Asylum requests have soared in recent years to a historic high of more than 1.5 million, according to the Transactional Records Access Clearinghouse at Syracuse University.

The influx has fueled concerns that migrants are claiming fear to get into the United States, where they can live and work legally for years as they await a hearing in the backlogged immigration courts.

Most asylum seekers lose their cases, officials said, but they are rarely deported because of staffing shortages and policies that discourage the deportation of migrants with deep roots in the United States.

Tigar’s decision Tuesday echoed his prior rulings on the issue under the Trump administration, which had instituted similar restrictions on asylum seekers.

In 2018, Tigar temporarily blocked the Trump administration from denying asylum to migrants who crossed the U.S.-Mexico border illegally. The 9th Circuit and the Supreme Court declined to stay that decision.

Tigar also shot down a 2019 rule that prohibited migrants from seeking asylum if they had not asked for refuge in a country they passed through on their way to the U.S.-Mexico border.

The Supreme Court, without explanation, later allowed the rule to take effect throughout the border while the case made its way through the courts. That policy was soon overtaken by border expulsions during the pandemic.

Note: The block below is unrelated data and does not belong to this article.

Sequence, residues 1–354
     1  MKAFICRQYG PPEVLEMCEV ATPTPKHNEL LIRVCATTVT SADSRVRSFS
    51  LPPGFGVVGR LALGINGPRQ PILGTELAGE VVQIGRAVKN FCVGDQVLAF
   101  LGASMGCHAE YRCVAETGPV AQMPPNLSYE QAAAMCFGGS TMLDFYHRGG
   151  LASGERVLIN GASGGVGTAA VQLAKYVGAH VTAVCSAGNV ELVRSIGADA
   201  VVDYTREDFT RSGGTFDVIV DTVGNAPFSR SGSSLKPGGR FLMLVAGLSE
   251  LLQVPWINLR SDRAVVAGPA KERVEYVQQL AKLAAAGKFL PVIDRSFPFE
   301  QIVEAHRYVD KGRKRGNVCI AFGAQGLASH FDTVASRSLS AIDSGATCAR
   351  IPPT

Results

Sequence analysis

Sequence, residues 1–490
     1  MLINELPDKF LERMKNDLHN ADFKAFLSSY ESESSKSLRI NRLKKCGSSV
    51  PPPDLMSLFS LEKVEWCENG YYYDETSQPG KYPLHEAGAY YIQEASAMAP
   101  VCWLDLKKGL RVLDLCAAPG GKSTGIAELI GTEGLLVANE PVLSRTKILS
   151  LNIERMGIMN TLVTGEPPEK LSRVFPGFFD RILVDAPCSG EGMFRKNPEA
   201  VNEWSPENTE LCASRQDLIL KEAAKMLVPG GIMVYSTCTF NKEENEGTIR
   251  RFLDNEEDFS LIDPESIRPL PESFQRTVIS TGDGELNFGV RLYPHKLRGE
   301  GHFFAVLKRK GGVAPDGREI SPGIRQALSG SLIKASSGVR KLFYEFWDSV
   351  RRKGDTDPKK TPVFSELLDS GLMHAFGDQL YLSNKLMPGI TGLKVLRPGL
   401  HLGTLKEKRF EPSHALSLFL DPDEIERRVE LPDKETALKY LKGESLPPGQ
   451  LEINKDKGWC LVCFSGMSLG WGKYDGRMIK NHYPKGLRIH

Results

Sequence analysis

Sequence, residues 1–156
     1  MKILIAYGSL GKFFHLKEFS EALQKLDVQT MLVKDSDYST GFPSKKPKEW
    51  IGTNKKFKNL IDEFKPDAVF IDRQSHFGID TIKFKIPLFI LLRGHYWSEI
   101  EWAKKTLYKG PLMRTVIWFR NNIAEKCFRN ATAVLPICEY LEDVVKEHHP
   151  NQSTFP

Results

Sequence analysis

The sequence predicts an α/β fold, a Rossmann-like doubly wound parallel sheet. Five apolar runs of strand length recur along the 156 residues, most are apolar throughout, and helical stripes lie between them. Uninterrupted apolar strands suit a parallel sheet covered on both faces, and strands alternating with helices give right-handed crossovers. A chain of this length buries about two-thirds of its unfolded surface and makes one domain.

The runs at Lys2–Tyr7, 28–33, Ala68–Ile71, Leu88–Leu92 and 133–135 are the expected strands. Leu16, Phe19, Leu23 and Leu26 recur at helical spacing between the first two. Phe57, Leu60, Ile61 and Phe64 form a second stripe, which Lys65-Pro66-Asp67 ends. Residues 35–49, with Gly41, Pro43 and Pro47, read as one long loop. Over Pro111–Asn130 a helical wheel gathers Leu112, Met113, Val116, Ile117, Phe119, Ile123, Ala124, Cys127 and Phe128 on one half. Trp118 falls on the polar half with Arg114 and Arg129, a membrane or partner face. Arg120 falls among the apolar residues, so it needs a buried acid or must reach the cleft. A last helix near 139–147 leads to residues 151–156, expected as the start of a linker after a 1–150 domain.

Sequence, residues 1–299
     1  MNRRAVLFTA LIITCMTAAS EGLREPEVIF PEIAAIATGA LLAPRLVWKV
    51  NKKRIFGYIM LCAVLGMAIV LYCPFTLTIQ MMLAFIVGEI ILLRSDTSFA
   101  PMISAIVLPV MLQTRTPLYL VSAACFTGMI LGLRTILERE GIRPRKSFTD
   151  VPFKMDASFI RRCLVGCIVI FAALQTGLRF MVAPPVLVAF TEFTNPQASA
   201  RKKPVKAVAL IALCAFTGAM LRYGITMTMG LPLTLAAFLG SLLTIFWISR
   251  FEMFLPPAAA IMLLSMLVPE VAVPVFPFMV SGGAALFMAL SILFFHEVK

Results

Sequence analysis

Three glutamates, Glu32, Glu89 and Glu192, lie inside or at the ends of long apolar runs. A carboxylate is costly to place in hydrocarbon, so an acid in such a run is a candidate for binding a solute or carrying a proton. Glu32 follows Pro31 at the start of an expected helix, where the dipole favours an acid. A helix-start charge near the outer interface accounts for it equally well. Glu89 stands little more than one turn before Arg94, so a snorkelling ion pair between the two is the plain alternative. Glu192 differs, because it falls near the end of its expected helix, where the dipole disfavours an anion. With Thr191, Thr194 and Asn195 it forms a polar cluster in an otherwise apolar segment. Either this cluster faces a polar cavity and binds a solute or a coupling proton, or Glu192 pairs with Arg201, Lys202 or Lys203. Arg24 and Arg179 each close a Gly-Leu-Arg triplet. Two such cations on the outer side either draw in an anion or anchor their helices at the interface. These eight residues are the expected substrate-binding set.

Blas Nuñez-Neto, the top border policy official at the Department of Homeland Security, said last week that he worried the backlogged immigration courts were becoming a draw to migrants, who are paying smugglers $10,000 to $15,000 to take them on perilous trips to the border, including 50-mile treks through the Darién Gap, the jungle linking Central and South America.

“We are seeing the court system essentially become a proxy legal pathway for people to come into the United States and work while they’re here,” he said at an event hosted by the Migration Policy Institute, a think tank.

Immigration courts Director David Neal said at the event that immigration officers are filing twice as many cases as the judges are adjudicating.

Judges are on track to complete nearly 500,000 cases this year, a record, but they expect 1 million new cases this year.

Homeland Security Secretary Alejandro Mayorkas, who is scheduled to testify before the House Judiciary Committee on Wednesday, cautioned that Tigar’s ruling will not change the agency’s authority to detain and deport immigrants who are ineligible for protection.

Immigrants who cross the border illegally could be “subject to prompt removal,” barred from reentering the country for at least five years, and subject to criminal prosecution, he said in a statement.